Before triggering clips and samples on the computer, Pantha du Prince and The Bell Laboratory “trigger” the musicians.
Yes, before there were machine clips, there were human patterns, and in performing Terry Riley’s legendary classical new music composition “In C,” the ensemble has to do just that. In a beautiful chorus of chiming tones, that orchestra is augmented with digital embellishment.
The result makes for a live performance that expands the role of the computer into a large-scale instrumental ensemble, venturing into territory perhaps not as often associated with Ableton Live as genres like dance music are. But Ableton has lavished attention on electronic composer Pantha Du Prince and his ensemble in a series of videos that amount to a complete documentary on the work and how it was produced.
Pantha du Prince’s music has always shimmered with beautiful sounds, but here, percussion form an otherworldly realm of glittering rhythmic waves.
Ableton’s film begins with the artist side, and in fact less discussion of the gear. (I’ve heard people chattering about that lately, and pleasantly surprised that this isn’t an in-your-face promo video.)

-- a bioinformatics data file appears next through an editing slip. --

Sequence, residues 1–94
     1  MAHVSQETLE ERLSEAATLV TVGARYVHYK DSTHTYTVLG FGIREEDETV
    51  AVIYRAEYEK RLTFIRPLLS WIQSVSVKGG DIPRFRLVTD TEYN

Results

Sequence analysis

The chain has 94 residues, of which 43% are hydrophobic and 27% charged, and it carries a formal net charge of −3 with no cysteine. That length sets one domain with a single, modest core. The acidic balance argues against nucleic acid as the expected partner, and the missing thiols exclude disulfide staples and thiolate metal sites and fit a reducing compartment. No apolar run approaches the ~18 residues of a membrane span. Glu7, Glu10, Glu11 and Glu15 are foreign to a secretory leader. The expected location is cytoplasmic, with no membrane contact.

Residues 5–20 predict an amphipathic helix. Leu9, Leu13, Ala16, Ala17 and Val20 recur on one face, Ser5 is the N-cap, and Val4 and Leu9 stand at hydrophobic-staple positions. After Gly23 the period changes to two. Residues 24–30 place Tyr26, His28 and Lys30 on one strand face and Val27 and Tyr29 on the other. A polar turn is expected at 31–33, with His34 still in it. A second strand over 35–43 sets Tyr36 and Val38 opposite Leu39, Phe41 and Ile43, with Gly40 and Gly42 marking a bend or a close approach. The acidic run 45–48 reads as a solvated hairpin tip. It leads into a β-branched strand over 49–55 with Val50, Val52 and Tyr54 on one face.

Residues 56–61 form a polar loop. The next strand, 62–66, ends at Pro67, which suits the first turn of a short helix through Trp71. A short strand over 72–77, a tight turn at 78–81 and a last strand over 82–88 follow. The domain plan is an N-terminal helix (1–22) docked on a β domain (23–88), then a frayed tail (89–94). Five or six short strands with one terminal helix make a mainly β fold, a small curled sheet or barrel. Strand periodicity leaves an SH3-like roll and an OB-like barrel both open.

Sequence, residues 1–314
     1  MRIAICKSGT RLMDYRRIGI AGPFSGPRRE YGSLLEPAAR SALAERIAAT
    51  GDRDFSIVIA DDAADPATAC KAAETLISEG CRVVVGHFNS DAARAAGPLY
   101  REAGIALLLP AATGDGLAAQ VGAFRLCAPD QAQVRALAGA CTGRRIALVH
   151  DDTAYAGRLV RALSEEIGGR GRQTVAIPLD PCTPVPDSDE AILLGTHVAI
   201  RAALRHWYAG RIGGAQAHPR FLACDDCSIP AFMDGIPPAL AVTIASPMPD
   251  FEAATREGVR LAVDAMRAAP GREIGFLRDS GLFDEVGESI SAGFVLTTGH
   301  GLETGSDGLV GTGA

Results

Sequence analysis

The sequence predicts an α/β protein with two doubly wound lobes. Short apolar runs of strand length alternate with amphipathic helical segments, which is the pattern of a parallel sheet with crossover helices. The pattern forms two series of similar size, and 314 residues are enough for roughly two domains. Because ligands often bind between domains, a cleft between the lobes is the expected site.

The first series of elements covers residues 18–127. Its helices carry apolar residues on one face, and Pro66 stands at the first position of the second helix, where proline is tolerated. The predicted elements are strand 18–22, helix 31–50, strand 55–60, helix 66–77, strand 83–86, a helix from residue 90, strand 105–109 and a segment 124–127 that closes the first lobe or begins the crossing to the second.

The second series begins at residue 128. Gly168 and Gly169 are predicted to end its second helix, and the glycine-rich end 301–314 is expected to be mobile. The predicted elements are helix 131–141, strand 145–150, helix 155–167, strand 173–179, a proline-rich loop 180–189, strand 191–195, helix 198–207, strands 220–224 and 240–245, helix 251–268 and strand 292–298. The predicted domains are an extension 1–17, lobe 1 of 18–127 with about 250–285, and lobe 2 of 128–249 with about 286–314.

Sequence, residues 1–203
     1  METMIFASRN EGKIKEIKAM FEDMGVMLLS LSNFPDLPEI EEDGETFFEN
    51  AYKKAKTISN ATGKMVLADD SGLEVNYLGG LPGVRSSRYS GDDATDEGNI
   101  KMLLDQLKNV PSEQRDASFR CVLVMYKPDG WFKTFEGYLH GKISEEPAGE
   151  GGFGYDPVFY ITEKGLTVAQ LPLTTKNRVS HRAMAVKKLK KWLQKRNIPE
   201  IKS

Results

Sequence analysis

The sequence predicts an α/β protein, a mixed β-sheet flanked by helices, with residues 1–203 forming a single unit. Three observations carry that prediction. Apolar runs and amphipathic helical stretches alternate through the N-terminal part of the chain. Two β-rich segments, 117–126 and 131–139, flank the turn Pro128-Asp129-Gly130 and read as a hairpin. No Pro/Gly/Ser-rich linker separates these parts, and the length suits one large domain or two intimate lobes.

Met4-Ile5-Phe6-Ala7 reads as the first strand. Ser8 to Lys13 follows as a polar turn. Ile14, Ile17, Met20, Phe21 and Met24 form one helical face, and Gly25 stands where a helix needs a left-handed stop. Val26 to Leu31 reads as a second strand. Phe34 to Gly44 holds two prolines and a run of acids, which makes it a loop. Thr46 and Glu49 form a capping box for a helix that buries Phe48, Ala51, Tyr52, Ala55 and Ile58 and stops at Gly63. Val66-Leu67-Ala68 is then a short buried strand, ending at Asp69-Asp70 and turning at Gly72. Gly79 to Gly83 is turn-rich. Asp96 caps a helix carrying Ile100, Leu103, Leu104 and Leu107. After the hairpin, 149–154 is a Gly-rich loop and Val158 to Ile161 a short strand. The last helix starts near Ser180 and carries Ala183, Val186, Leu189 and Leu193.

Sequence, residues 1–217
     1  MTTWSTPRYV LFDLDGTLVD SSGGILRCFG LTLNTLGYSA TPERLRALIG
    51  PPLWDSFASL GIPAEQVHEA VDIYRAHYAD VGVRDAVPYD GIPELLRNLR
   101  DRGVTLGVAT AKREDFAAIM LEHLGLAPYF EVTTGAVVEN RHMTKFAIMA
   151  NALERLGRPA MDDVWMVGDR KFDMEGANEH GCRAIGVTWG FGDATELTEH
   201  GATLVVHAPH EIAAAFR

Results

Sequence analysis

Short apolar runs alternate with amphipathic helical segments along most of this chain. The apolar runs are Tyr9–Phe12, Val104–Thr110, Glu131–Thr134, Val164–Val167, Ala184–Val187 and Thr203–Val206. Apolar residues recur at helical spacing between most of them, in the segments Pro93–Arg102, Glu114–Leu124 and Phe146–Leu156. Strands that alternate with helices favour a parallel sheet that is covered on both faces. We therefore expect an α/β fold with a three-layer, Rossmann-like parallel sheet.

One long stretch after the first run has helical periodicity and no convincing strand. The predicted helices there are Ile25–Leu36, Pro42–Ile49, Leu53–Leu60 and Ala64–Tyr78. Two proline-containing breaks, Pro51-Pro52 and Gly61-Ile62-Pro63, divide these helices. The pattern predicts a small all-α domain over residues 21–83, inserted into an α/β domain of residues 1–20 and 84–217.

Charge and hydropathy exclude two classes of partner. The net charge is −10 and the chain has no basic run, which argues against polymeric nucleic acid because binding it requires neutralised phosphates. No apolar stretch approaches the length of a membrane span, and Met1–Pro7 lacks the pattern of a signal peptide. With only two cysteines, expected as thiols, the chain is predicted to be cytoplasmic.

But let’s do a bit of gear spotting anyway, just to parse how the setup works. In the “cockpit” of Hendrik’s computer rig arrive feeds from all the instruments for sampling, looping, and effects, plus a couple of contact mics for adding close-miked sounds of hand percussion. These are routed through hardware effects (delay, reverb), and then sampled and looped in Ableton, which is in turn controlled by an APC and MPD hardware controller. The full rig:
Akai MPD32 pad controller
KORG Kaoss Pad Pro 3
Eventide Space Reverb
VERMONA PERfourMER mk II analog synth – maybe the most interesting piece of gear in that lineup, actually
But the real stars here are the acoustic instruments. Microphones bring you closer to the delicate sounds, but this is otherwise timbral design in the world of physical sound. I actually had the pleasure of wandering the Drum hall for a few minutes at Musikmesse with Dave Hill, Jr. of iZotope, himself a talented drummer (and Ableton veteran) – thanks for that, Dave. We spent some moments handling cymbals and talking about their design. Coming from the realms of code and electronics, there’s something comforting about discussing the hammering of metal (and at least I’m not entirely inexperienced there, having played in a gamelan ensemble for some years).
It’s actually my favorite video of the set – create acoustic music:
Here’s the music video for “Spectral Split” with The Bell Laboratory:
And the piece Photon:
And from four years ago, the artist talks to Rough Trade Records whilst touring Teufelsberg, the abandoned US listening installation in Berlin.